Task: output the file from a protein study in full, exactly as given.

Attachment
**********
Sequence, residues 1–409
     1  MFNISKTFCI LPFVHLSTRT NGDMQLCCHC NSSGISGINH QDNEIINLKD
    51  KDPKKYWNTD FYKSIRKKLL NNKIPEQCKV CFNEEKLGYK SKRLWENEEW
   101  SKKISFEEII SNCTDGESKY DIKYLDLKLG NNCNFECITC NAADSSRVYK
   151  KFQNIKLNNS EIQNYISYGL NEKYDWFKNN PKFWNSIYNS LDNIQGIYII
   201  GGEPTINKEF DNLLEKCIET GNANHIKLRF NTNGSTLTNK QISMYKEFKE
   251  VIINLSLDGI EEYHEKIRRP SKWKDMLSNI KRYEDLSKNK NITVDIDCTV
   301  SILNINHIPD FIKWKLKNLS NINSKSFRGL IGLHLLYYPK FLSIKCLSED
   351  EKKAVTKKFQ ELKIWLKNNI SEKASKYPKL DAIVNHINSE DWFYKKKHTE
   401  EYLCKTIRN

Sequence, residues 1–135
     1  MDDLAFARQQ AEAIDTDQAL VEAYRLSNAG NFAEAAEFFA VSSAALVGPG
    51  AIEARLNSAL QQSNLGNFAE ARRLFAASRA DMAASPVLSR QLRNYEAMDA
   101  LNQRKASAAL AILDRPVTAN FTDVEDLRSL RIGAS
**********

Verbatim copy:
Sequence, residues 1–409
     1  MFNISKTFCI LPFVHLSTRT NGDMQLCCHC NSSGISGINH QDNEIINLKD
    51  KDPKKYWNTD FYKSIRKKLL NNKIPEQCKV CFNEEKLGYK SKRLWENEEW
   101  SKKISFEEII SNCTDGESKY DIKYLDLKLG NNCNFECITC NAADSSRVYK
   151  KFQNIKLNNS EIQNYISYGL NEKYDWFKNN PKFWNSIYNS LDNIQGIYII
   201  GGEPTINKEF DNLLEKCIET GNANHIKLRF NTNGSTLTNK QISMYKEFKE
   251  VIINLSLDGI EEYHEKIRRP SKWKDMLSNI KRYEDLSKNK NITVDIDCTV
   301  SILNINHIPD FIKWKLKNLS NINSKSFRGL IGLHLLYYPK FLSIKCLSED
   351  EKKAVTKKFQ ELKIWLKNNI SEKASKYPKL DAIVNHINSE DWFYKKKHTE
   401  EYLCKTIRN

Sequence, residues 1–135
     1  MDDLAFARQQ AEAIDTDQAL VEAYRLSNAG NFAEAAEFFA VSSAALVGPG
    51  AIEARLNSAL QQSNLGNFAE ARRLFAASRA DMAASPVLSR QLRNYEAMDA
   101  LNQRKASAAL AILDRPVTAN FTDVEDLRSL RIGAS